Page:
“Knight of Cups” follows a screenwriter on an existential journey. There is no conflict, driving force, or anything to move the plot forward. Those who argue that movies like “Inherent Vice” and “The Big Lebowski” are lacking in plot and motivation would cry out in horror when they saw the way this movie flows.
Each chapter of the film focuses on Rick(who isn’t given a last name) and his interactions with different people, with the tarot card title slightly resembling whatever relationship Rick’s involved in at the time. Though the people involved in the scenes vary, the scenes are all suspiciously similar. As Rick speaks to someone, their voices can only be infrequently heard. Instead, a dialogue of other things the two characters have said or thought about one another plays.
The cinematography, though beautiful, never thinks to stop to focus. If Rick is walking through a mansion, street, or anywhere, the camera suddenly begins to pull away and follow other things. When Rick finished talking to his ex wife and looked down the street to a man with a leaf blower, I briefly thought ‘don’t’ before the screen suddenly filled with the images and sounds of leaves blown down the asphalt. There are no actual solid moments in this movie, just flowing images that might take place in the same situation.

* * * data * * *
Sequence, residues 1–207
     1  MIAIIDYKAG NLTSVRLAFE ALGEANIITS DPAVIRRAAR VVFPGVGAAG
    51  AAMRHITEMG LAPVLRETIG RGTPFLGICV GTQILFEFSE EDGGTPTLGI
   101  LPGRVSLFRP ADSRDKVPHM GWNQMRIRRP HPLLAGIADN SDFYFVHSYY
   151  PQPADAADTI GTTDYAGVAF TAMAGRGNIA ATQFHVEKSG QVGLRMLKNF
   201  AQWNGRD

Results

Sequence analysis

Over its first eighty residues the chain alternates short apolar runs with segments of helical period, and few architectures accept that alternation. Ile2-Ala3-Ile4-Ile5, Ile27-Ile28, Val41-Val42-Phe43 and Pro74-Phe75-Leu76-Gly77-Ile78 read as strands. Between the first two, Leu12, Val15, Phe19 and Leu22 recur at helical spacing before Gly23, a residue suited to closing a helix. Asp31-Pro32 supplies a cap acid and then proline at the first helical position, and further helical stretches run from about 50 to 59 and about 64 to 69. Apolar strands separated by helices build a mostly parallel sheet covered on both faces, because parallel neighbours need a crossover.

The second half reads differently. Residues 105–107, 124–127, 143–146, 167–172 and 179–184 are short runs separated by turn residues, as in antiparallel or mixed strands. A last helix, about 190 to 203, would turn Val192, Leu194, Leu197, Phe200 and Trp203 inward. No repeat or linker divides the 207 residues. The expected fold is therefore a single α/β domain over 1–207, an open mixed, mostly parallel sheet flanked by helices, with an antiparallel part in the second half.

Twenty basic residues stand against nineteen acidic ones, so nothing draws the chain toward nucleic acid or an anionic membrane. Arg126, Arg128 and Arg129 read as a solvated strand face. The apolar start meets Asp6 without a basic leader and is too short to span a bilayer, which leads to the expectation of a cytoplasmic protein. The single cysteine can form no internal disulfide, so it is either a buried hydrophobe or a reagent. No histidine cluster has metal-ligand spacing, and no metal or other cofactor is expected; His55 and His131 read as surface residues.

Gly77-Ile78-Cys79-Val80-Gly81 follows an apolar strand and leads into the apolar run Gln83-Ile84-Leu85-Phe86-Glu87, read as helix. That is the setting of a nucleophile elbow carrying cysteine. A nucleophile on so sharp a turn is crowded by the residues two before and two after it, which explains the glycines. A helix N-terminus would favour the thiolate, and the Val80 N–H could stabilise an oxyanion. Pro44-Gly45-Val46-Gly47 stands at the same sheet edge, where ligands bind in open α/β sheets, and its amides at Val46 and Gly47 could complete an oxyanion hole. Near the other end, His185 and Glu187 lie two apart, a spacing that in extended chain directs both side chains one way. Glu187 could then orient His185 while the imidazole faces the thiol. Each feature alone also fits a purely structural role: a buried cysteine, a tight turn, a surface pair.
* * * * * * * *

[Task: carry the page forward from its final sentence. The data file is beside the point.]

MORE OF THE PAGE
This film’s greatest asset is its ambition. Terrence Malick, who already created the existential “Tree of Life,” seeks to make a movie without traditional arcs or conflict. The movie wanders as aimlessly as Rick does. Every romance and moment is as fleeting to the viewer as the protagonist. I’m reminded of “Bad Lieutenant,” which followed a dirty cop as he meaninglessly indulged in drugs and sex and exploited his job without principle.
However, that movie has the advantage of concerning itself with sin and salvation, and its characters, unlike Rick, showing some emotion besides melancholy. It’s hard to say if “Knight of Cups” was perhaps too meaningless, or just didn’t reach its potential.
Anyone could identify that this movie’s greatest weakness is its pretension. Rick’s brother begins softly stabbing himself in the hand with a fork just to ‘feel something.’ Rick and his girlfriend walk through an aquarium like ghosts, staring longingly at the happy people around them. I hate scenes like this. It’s as if our main characters have reached some higher level of understanding that allows them to look at jellyfish with more awe and admiration than your average grade schooler. For two hours runtime, Rick walks lazily with his hands in his pockets and stares at the ground.
The film’s received polarizing reviews. Less than half of the Rotten Tomatoes crowd of critics thought the movie was good, while the audience score reflects an even lower opinion held by the general public. This movie is about a man trying to find meaning in his life, but the answer isn’t as simple as other movies would portray it. He doesn’t reach an epiphany through something like quitting his job, traveling the world or finding true love. If you want to see a movie as unique as this, in which purposefulness isn’t imbued in anything on screen, go for it.